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Love and Money by Parental Matchmaking: Evidence from Urban Couples in China


  • Fali Huang
  • Ginger Zhe Jin
  • Lixin Colin Xu


Parental involvement in marriage matchmaking may distort the optimal spouse choice because parents are willing to substitute love for money. The rationale is that the joint income of married children can be shared among extended family members more easily than mutual attraction felt by the couple themselves, and as a result, the best spouse candidate in the parents' eyes can differ from what is optimal to the individual, even though parents are altruistic and care dearly about their children's welfare. We find supporting evidence for this prediction using a unique sample of urban couples in China in the early 1990s.

Suggested Citation

  • Fali Huang & Ginger Zhe Jin & Lixin Colin Xu, 2012. "Love and Money by Parental Matchmaking: Evidence from Urban Couples in China," American Economic Review, American Economic Association, vol. 102(3), pages 555-560, May.
  • Handle: RePEc:aea:aecrev:v:102:y:2012:i:3:p:555-60

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    References listed on IDEAS

    1. Lena Edlund & Nils-Petter Lagerlöf, 2006. "Individual versus Parental Consent in Marriage: Implications for Intra-Household Resource Allocation and Growth," American Economic Review, American Economic Association, vol. 96(2), pages 304-307, May.
    2. Raquel Fernández & Nezih Guner & John Knowles, 2005. "Love and Money: A Theoretical and Empirical Analysis of Household Sorting and Inequality," The Quarterly Journal of Economics, Oxford University Press, vol. 120(1), pages 273-344.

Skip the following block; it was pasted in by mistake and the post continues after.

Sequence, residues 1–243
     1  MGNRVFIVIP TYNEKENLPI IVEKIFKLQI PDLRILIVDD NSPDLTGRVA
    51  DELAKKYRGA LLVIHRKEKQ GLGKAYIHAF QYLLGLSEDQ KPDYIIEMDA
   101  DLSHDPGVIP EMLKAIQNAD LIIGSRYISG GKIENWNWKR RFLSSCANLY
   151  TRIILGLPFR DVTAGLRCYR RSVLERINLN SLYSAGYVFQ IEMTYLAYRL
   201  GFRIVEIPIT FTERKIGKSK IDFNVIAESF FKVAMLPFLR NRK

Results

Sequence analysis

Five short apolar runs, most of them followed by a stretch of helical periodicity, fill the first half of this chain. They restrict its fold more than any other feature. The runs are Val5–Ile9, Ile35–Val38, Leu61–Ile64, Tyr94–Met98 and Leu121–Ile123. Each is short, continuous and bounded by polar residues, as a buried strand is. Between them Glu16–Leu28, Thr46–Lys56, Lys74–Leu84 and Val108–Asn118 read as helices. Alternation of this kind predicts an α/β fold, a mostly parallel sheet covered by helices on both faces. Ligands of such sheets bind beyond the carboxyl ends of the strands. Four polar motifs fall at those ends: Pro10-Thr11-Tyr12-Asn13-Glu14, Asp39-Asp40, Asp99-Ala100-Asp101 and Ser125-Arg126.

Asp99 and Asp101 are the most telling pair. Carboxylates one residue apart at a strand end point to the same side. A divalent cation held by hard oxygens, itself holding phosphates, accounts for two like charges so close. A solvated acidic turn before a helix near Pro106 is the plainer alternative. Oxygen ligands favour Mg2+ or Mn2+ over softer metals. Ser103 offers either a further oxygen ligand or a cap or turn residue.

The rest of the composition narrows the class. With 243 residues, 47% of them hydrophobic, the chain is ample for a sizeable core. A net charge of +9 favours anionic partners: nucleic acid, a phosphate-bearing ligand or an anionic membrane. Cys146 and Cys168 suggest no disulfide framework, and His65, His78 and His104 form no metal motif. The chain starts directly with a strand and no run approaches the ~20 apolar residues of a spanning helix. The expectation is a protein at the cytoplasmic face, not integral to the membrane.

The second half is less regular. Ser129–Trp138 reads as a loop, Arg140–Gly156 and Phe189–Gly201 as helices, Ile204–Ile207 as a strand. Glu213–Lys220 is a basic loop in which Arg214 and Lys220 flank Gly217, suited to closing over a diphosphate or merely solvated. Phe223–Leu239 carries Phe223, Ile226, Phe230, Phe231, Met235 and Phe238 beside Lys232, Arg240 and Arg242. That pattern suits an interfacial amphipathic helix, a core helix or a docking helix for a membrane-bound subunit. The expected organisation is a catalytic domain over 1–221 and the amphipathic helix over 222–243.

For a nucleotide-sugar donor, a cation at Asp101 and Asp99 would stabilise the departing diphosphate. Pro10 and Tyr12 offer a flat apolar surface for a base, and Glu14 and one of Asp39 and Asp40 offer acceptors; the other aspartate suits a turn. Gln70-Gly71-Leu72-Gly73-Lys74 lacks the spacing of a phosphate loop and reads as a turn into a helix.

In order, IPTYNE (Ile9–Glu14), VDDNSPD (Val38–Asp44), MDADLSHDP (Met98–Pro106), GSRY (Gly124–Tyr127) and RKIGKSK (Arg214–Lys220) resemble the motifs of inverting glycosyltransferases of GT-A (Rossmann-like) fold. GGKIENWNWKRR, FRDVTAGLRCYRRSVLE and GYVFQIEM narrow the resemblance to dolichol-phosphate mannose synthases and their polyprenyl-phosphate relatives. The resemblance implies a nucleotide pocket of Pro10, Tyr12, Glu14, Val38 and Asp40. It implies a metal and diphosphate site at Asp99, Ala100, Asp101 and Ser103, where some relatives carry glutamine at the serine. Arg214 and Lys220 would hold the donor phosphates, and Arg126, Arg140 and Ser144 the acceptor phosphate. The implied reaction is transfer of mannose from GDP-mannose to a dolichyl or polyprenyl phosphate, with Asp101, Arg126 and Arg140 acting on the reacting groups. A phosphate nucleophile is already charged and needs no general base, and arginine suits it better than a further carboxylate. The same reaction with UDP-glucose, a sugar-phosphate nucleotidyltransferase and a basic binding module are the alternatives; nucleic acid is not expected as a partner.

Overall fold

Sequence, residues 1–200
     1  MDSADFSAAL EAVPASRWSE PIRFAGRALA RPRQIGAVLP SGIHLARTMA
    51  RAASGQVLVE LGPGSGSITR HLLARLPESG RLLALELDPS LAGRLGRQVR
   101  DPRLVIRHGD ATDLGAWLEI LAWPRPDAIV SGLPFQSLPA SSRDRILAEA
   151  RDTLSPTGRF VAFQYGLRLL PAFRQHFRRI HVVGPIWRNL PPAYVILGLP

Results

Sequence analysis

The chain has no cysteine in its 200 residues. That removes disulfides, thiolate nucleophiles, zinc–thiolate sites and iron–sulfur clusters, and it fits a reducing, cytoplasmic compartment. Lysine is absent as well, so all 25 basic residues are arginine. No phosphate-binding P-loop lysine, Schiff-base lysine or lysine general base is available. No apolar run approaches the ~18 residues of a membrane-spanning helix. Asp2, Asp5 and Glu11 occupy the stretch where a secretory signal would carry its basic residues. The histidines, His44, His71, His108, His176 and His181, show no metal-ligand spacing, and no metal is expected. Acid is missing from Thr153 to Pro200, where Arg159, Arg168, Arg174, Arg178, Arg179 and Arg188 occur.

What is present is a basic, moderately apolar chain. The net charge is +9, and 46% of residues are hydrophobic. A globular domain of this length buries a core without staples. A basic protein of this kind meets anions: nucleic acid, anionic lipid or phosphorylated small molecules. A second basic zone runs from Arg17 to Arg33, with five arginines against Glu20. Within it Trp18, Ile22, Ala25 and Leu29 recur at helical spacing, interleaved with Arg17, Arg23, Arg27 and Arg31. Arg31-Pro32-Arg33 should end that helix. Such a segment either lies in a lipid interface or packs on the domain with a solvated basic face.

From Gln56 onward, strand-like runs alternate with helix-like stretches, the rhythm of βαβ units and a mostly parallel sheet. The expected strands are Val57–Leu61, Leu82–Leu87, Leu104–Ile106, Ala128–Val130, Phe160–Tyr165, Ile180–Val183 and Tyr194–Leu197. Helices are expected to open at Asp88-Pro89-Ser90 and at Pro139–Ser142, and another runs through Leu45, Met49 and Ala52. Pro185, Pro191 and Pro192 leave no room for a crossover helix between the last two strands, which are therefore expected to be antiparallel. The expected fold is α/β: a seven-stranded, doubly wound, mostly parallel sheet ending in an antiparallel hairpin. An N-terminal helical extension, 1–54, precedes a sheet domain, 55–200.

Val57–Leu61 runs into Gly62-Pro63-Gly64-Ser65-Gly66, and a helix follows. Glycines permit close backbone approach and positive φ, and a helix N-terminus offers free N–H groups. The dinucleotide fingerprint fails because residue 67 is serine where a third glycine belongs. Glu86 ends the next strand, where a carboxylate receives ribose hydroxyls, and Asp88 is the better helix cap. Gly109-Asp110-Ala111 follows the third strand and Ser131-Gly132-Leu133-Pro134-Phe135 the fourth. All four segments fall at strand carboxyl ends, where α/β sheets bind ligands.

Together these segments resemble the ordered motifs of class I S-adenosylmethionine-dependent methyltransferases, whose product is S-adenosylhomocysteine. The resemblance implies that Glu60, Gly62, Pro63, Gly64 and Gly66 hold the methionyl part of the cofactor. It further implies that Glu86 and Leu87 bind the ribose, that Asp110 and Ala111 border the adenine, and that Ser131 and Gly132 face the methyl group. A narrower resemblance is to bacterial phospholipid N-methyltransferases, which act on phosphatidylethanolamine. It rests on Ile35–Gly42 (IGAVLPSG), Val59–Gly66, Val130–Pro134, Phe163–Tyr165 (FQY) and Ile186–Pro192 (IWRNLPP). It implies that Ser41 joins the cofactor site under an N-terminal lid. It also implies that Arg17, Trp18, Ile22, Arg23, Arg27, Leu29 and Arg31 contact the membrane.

3. Becker, Gary S, 1973. "A Theory of Marriage: Part I," Journal of Political Economy, University of Chicago Press, vol. 81(4), pages 813-846, July-Aug..
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    Cited by:

    1. Pauline Morault, 2017. "Arranged Marriages under Transferable Utilities," Working Papers halshs-01537971, HAL.
    2. Kai Konrad, 2015. "Affection, speed dating and heartbreaking," Journal of Population Economics, Springer;European Society for Population Economics, vol. 28(1), pages 159-172, January.
    3. Huang, Fali & Jin, Ginger Zhe & Xu, Lixin Colin, 2015. "Love, money, and old age support : does parental matchmaking matter ?," Policy Research Working Paper Series 7188, The World Bank.
    4. repec:eee:jcecon:v:45:y:2017:i:2:p:224-245 is not listed on IDEAS
    5. Xu Lixin Colin, 2016. "Cheung, Becker and Marriage," Man and the Economy, De Gruyter, vol. 3(1), pages 65-76, June.
    6. Huang, Fali & Jin, Ginger Zhe & Xu, Lixin Colin, 2017. "Love, money, and parental goods: Does parental matchmaking matter?," Journal of Comparative Economics, Elsevier, vol. 45(2), pages 224-245.
    7. Shing-Yi Wang, 2013. "Marriage Networks, Nepotism, and Labor Market Outcomes in China," American Economic Journal: Applied Economics, American Economic Association, vol. 5(3), pages 91-112, July.
    8. Amavilah, Voxi Heinrich, 2013. "The Love Aspects of Human Capital and the Economic Activity of Countries," MPRA Paper 52686, University Library of Munich, Germany.

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